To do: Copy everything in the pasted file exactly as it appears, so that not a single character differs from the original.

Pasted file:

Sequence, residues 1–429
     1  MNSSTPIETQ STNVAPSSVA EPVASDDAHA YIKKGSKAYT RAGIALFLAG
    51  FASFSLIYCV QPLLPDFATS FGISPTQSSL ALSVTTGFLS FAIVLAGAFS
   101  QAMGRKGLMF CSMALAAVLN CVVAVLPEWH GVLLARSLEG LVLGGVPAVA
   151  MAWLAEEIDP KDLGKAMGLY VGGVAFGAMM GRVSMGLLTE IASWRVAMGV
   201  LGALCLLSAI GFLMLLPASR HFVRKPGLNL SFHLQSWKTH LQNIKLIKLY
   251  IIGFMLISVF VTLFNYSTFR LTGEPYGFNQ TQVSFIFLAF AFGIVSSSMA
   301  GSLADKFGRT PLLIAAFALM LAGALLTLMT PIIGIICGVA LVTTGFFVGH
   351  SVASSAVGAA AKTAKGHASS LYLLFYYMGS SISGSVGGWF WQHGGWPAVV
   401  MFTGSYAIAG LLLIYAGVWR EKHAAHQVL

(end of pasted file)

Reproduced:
Sequence, residues 1–429
     1  MNSSTPIETQ STNVAPSSVA EPVASDDAHA YIKKGSKAYT RAGIALFLAG
    51  FASFSLIYCV QPLLPDFATS FGISPTQSSL ALSVTTGFLS FAIVLAGAFS
   101  QAMGRKGLMF CSMALAAVLN CVVAVLPEWH GVLLARSLEG LVLGGVPAVA
   151  MAWLAEEIDP KDLGKAMGLY VGGVAFGAMM GRVSMGLLTE IASWRVAMGV
   201  LGALCLLSAI GFLMLLPASR HFVRKPGLNL SFHLQSWKTH LQNIKLIKLY
   251  IIGFMLISVF VTLFNYSTFR LTGEPYGFNQ TQVSFIFLAF AFGIVSSSMA
   301  GSLADKFGRT PLLIAAFALM LAGALLTLMT PIIGIICGVA LVTTGFFVGH
   351  SVASSAVGAA AKTAKGHASS LYLLFYYMGS SISGSVGGWF WQHGGWPAVV
   401  MFTGSYAIAG LLLIYAGVWR EKHAAHQVL